PROVIDENCE – The Providence Journal debuted a new look for its print edition on Wednesday, just three months after overhauling the newspaper’s sections.
The paper said the new format would emphasize shorter stories and key information while making it easier for readers to navigate the paper. It follows the July decision to consolidate local news into the first section and move national and world news from other organizations into the second section.
“One of the most telling aspects of the new design is that we expect the average reader will only have the sense that something is different, and better,” Thomas E. Heslin, the newspaper’s senior vice president and executive editor, wrote in a note explaining the changes.
The redesign effort was led by Rob Schneider, presentation director of The Dallas Morning News, which like The Journal is owned by Dallas-based A. H. Belo Corp., and a group of Journal staff members, Heslin said.
Like metropolitan newspapers across the country, The Journal has been rocked by a sharp falloff in advertising revenue and the migration of readers to the Internet.
The paper’s weekday circulation fell nearly 19 percent to 106,875 compared with last year in the six months ended Sept. 30, the Audit Bureau of Circulations reported Monday. Weekend circulation fell by a similar amount. In addition, the paper’s advertising revenue shrank 31.5 percent in the first half of this year compared with 2008.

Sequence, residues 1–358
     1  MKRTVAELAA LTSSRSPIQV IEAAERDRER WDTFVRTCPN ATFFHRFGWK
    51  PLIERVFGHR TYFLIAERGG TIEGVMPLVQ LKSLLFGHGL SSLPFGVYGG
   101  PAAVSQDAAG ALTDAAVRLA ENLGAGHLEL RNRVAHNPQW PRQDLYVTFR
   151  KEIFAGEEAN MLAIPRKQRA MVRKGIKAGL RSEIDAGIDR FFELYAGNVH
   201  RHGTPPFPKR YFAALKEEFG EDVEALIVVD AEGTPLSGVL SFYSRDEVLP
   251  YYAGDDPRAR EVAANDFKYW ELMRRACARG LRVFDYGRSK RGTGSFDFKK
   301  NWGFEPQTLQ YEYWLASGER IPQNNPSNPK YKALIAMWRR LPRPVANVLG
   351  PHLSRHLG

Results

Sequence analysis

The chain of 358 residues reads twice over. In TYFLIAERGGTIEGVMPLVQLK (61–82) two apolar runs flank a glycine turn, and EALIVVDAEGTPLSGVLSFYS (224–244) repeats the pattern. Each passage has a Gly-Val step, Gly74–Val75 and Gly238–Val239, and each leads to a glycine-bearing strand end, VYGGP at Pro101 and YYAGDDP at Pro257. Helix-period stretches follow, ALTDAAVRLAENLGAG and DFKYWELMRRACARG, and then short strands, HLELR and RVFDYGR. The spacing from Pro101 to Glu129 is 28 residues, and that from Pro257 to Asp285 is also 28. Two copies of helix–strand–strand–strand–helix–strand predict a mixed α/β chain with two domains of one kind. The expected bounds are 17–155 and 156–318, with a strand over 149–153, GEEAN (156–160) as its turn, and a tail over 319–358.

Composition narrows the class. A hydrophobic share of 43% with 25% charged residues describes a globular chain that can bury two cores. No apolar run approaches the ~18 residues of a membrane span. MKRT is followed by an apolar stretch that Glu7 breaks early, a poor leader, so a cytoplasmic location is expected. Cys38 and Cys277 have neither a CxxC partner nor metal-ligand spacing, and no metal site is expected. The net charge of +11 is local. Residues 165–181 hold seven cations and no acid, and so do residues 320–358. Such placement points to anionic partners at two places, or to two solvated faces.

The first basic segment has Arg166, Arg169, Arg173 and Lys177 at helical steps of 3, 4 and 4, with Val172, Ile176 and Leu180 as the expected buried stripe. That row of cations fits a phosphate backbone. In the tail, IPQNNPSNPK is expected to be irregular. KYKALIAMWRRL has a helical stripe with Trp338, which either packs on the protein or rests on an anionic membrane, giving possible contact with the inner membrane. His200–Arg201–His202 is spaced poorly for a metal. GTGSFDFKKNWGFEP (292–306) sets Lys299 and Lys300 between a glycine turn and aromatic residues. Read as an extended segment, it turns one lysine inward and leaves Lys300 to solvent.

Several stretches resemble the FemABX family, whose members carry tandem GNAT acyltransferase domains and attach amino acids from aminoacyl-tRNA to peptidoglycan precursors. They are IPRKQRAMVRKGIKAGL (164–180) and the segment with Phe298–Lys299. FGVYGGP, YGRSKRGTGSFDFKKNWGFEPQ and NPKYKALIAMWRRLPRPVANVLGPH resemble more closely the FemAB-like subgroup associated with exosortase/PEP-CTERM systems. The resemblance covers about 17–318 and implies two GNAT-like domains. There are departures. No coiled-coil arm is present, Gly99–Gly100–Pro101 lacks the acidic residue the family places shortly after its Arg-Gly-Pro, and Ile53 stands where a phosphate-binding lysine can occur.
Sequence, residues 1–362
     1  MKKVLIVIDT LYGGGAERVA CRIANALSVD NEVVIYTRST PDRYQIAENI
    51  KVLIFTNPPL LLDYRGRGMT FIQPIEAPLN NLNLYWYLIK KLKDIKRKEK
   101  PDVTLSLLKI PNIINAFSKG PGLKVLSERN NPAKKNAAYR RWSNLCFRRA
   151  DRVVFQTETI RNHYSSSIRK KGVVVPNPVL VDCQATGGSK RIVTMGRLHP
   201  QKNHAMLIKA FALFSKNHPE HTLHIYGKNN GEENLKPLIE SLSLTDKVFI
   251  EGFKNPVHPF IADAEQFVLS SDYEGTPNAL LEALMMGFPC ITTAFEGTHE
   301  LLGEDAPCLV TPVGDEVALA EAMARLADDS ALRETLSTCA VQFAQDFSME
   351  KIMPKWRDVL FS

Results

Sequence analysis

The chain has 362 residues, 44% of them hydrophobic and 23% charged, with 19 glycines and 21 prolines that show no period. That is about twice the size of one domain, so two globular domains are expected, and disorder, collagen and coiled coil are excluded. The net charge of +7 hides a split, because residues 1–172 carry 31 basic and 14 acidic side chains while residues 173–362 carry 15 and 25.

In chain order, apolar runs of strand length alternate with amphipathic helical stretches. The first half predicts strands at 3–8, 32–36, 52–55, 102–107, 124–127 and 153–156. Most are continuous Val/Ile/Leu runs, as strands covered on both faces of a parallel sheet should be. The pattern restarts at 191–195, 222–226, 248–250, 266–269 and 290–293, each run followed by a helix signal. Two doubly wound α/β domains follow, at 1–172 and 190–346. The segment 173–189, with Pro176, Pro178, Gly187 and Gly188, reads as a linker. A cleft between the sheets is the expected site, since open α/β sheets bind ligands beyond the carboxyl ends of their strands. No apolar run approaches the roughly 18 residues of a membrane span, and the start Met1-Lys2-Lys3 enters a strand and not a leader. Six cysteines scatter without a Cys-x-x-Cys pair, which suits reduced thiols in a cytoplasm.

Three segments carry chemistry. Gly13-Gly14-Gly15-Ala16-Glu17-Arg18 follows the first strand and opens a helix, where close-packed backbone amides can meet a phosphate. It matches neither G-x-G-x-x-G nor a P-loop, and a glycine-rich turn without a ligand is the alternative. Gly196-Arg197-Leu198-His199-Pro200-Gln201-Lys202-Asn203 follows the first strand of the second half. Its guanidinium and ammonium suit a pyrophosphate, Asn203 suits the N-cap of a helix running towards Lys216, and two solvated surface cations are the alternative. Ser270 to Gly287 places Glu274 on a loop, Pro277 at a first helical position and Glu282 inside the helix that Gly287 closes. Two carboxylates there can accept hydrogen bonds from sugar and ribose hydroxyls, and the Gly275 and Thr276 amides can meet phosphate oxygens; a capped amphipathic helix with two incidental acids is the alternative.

Heslin spoke on Monday in Chicago at the annual meeting of the Inland Press Association, a trade group, about the changes at The Journal. He said the redesign would allow the paper to experiment with “alternate story forms,” according to an account posted on Twitter by Bill Densmore, director and editor of the Media Giraffe Project at the University of Massachusetts Amherst.
Heslin also said the paper had embraced a “Web first” strategy, meaning reporters and editors are instructed to get news online as quickly as possible, and has received a positive response from readers, Densmore said.
Heslin also cast doubt on whether The Journal will force readers to pay to read its content online in the near future, as some newspapers are considering.
Asked about the best strategy for charging on the Web, Heslin said: “My favorite three words these days are: I don’t know,” according to Editor & Publisher.